Residents need to be wary of unsolicited texts asking for their personal information and providing links to websites. If you receive such a message, contact the agency that supposedly sent the message directly and make inquiries. Do not click on web links without confirming their authenticity. A phone number lookup can shed some light on the identitty of the individual that sent the message.
What are Utility Scams?
In these scams, fraudsters impersonate officials of utility companies such as the Baltimore Department of Public Works (DPW) to defraud residents. The callers contact city residents and inform them that they will immediately disconnect the gas or electricity to their homes or businesses unless they pay off fictitious debts. The scammers typically request payment by gift cards and prepaid cards or ask for the targets’ credit card details.
Residents who receive these calls should hang up and contact their utility providers directly if they have concerns. Federal and state laws prohibit utility companies from arbitrarily disconnecting their customers’ services. Utility companies must mail multiple notices to defaulters before proceeding to disconnect their services. Do not pay or give out personal information to persons on calls you did not initiate. Reverse phone lookup services can identify if such phone calls are from legitimate utility providers. Residents can report such phone calls at their local police districts.
What are Robocalls And Spam Calls?
Robocalls use auto-dialers to make phone calls that deliver messages to multiple recipients. An auto-dialer is a computer program that dials several phone numbers with no human intervention and plays a recorded message when the call is answered. Robocalls were once the mainstay of telemarketers and political campaigns but are now commonly associated with scam calls. Scammers have co-opted robocall as a “tool of the trade” because it enables them to target multiple residents anonymously and with minimal effort. Your best options for dealing with robocalls include:
- Use the National Do Not Call Registry to restrict telephone solicitations. Phone numbers included in this registry are exempted from receiving robocalls and spam calls unless allowed by law. Any spam calls received after 31 days have elapsed can be treated as potential scam calls.
- Report any illegal robocalls you receive to the FTC online or call 1 (888) 382-1222.
- Hang up once you identify an incoming call as a robocall. Disregard instructions to connect to live operators or remove yourself from distribution lists. These prompts are only to confirm your number as active and mark your number for more spam calls.
- Use call-blocking features available in smartphones and from network operators to identify and block the numbers used for robocalls.
- Use a phone number lookup free service to identify robocall numbers and block them if other options are not cost-effective.
The FTC instructs consumers on blocking unwanted calls on any platform on its website.
How to Spot and Report Baltimore City Phone Scams?
The best defense against potential scammers is vigilance and knowledge about their tactics. Uninformed and unsuspecting residents make for easy prey as scammers continuously adapt their schemes. Applications that conduct phone lookups by name, address, and number are also useful in spotting potential phone scams. These apps are available for free and for nominal fees and can answer questions like “who called me?” and “who is this number registered to?” Information retrieved by these apps can come in handy when reporting phone scams to the authorities.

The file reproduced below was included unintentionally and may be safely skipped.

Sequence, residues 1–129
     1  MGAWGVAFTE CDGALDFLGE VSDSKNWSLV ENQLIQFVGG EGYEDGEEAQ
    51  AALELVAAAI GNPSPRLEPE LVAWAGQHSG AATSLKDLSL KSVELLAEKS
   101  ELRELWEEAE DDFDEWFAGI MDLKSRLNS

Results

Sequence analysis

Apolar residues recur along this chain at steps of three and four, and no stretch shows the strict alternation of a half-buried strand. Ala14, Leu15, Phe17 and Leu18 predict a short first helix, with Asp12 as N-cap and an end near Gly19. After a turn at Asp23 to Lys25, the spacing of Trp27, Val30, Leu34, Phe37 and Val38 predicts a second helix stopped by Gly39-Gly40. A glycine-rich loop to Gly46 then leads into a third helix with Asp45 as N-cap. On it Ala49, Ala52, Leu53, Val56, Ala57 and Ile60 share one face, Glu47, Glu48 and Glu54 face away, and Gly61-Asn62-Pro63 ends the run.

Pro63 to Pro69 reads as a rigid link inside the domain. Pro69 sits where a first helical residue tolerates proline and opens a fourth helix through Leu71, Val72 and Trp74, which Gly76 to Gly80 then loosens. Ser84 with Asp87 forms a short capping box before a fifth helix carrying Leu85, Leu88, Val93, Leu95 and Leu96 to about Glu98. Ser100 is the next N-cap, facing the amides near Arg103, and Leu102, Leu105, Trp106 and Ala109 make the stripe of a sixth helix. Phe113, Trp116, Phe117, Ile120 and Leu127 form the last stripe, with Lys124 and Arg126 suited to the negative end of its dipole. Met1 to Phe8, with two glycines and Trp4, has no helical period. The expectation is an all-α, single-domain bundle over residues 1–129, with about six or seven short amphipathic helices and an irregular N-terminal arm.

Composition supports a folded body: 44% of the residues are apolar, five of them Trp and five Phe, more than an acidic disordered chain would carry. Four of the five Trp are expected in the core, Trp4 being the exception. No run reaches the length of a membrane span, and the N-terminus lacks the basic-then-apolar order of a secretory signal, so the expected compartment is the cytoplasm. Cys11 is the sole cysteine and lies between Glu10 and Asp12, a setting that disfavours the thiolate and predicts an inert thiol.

Listed below are some indicators that unverified callers are potential scammers:
- The callers claim to represent legitimate organizations and ask for confidential information such as social security numbers and credit card details. Legitimate organizations will not request personal data of their clients on phone calls not initiated by the clients.
- The callers get aggressive and try to coerce you to comply with their demands by using threats of punitive actions. Authentic callers will not use threats to get recipients to comply with their requests.
- The callers insist on irregular payment channels such as prepaid debit cards, wire transfers, and cryptocurrency. Reputable organizations do not use these payment channels, but scammers favor them for the difficulty in tracing funds sent through them.
- The callers present attractive business offers but dissuade you from doing any research or seeking the opinions of other parties. They insist on immediate commitments, usually claiming the offers are fleeting.
- The callers inform you of prizes and winnings from competitions you did not enter and request upfront payments for you to collect. Any prize that requires an upfront payment to collect is suspicious, and you cannot win in a competition you did not enter.
Baltimore City residents can contact any of the following agencies to get assistance in dealing with phone scams:
Maryland Attorney General - The Consumer Protection Division of the AG’s Office provides alerts and updates on prevalent phone scams in the state and receives consumer complaints. Residents can submit complaints online, by email, or call (410) 528-8662.
Baltimore Police Department (BPD) - The BPD is the primary law enforcement agency in the city and is committed to protecting residents from fraudulent practices. City residents can file reports on scams at their local police districts.
Baltimore City State Attorney - The Office of the State Attorney safeguards communities by prosecuting crimes committed in the city. Residents of Baltimore City can contact the State Attorney’s Office on (443) 984-6000 or by email. Alternatively, visit the Office at 120 E. Baltimore Street, Baltimore, MD 21202.
Federal Trade Commission (FTC) - The FTC regulates the marketplace and protects consumers from deceptive and fraudulent practices. It also provides initiatives to safeguard residents, such as the National Do Not Call Registry and tips on blocking unwanted calls. Residents can file complaints about illegal robocalls and fraudulent acts online or by calling 1 (888) 382-1222.
Better Business Bureau (BBB) - The BBB is one of the go-to resources for appraising the trustworthiness of a business. It also provides information and services to protect residents from potential scams.